Dr. Hussey earned his bachelor's degree from Beloit College in Wisconsin and his medical degree from Washington University School of Medicine in St. Louis. He continued his medical training with an internship and a radiology residency at the University of Iowa and a radiation therapy fellowship at the University of Texas MD Anderson Hospital and Tumor Institute.

Between 1969 and 1983, Dr. Hussey was on the faculty at MD Anderson Hospital, where he directed the Fast Neutron Therapy program. He then spent a year in private practice before moving to the University of Iowa to head the radiation oncology division for 15 years. He returned to Texas in 2001, joining the faculty of the University of Texas Health Science Center San Antonio.

Dr. Hussey's research has included a clinical evaluation of fast neutron therapy using the Texas A&M Variable Energy Cyclotron. His practice has covered a broad range of neoplasms, focusing on head and neck, testicular and prostate cancers.

Dr. Hussey has been honored with Distinguished Alumni Awards from the MD Anderson Cancer Center and the Washington University Medical School and fellowships in the American College of Radiology and ASTRO.

Elias A. Zerhouni, M.D.

While many in the medical community came to know the name Elias A. Zerhouni, M.D., during his tenure as director of the National Institutes of Health (NIH) and current assignment as a U.S. presidential science envoy, radiologists have long benefitted from his visionary leadership and prolific research.

"Dr. Zerhouni's story exemplifies why openness to individual talent and imagination have made the U.S. richly successful," Dr. Hricak said. "He has contributed to the greatness of this country and provided a model for others to follow."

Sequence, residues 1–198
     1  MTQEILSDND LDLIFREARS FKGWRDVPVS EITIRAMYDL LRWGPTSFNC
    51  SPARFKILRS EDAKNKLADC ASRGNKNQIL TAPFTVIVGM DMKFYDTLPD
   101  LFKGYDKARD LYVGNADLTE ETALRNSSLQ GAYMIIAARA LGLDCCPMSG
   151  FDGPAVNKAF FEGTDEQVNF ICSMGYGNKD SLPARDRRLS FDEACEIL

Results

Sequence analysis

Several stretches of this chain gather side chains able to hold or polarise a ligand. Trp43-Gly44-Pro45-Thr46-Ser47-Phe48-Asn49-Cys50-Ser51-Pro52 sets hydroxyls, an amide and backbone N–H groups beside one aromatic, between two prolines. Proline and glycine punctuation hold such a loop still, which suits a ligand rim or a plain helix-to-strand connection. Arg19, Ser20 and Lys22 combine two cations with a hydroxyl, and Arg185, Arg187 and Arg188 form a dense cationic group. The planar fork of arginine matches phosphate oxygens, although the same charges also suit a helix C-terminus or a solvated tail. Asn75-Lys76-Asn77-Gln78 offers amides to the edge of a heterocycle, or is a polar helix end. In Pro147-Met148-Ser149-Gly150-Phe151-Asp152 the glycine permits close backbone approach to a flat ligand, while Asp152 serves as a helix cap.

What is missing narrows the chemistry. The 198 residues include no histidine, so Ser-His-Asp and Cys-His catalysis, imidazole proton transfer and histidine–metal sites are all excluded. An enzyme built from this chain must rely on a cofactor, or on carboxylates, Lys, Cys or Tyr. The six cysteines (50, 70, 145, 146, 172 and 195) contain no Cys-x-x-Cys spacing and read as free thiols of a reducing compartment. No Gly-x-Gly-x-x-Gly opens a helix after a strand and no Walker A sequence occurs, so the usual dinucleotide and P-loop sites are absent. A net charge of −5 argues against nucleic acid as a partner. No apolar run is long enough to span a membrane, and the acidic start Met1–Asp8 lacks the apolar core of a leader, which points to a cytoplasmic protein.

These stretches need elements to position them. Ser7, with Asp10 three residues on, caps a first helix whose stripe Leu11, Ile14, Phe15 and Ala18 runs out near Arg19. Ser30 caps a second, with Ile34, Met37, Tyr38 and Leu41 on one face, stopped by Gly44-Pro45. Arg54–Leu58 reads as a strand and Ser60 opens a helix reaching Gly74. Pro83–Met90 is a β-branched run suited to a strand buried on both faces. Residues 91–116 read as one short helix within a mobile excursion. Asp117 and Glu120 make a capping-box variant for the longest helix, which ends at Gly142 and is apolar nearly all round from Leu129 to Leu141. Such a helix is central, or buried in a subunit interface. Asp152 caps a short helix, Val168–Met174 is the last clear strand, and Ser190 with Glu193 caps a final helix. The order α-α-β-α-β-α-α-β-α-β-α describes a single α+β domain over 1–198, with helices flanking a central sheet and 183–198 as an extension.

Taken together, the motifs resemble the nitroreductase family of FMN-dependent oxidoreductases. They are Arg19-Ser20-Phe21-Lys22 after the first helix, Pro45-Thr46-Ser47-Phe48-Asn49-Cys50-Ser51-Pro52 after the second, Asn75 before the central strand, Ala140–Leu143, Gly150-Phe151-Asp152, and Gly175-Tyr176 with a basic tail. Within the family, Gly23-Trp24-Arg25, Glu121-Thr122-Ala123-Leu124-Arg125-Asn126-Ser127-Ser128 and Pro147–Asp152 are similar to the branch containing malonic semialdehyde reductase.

"In my formative years, RSNA was the place I came to for 24 consecutive years, to learn from our many leaders and innovators who brought medical imaging into the mainstream of medicine and biomedical research," Dr. Zerhouni said. "Their example, friendship and support immeasurably helped me in my professional life, including my roles beyond radiology. I am deeply grateful to RSNA, honored to receive its Gold Medal and humbled by the fact that only in America could this have happened."

Dr. Zerhouni is a senior adviser at Johns Hopkins Medicine in Baltimore, Md., and was named a U.S. presidential science envoy in November 2009. He served as NIH director from 2002 to 2008.

As the 15th director of the NIH, Dr. Zerhouni oversaw the world's largest biomedical research and development agency, with more than 27,000 employees and a yearly budget of $29.5 billion. He spearheaded a series of reforms that led to the successful passage of the NIH Reform Act of 2006 by the U.S. Congress. He also launched the Roadmap for Medical Research and the Pioneer, New Innovator and Pathway to Independence grant programs.

Prior to joining NIH, Dr. Zerhouni served as chair of the Russell H. Morgan Department of Radiology and Radiological Science as well as Executive Vice-Dean of the Johns Hopkins University School of Medicine from 1995 to 2002.

Dr. Zerhouni was elected to the Institute of Medicine of the National Academy of Sciences in 2000. He has received the gold medal of the American Roentgen Ray Society, two Paul C. Lauterbur awards from the Society of Computed Body Tomography & Magnetic Resonance and the Special Presidential Award of the European Congress of Radiology. He has received the Fleischner Society Medal, been elected a fellow of the International Society for Magnetic Resonance in Medicine and received the International Society of Radiology Béclère Medal.

Dr. Zerhouni's research has focused on developing novel quantitative imaging methods for CT and MRI. He holds several patents.

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Note: Copies of RSNA 2010 news releases and electronic images will be available online at beginning Monday, Nov. 29.

RSNA is an association of more than 44,000 radiologists, radiation oncologists, medical physicists and related scientists committed to excellence in patient care through education and research. The Society is based in Oak Brook, Ill. (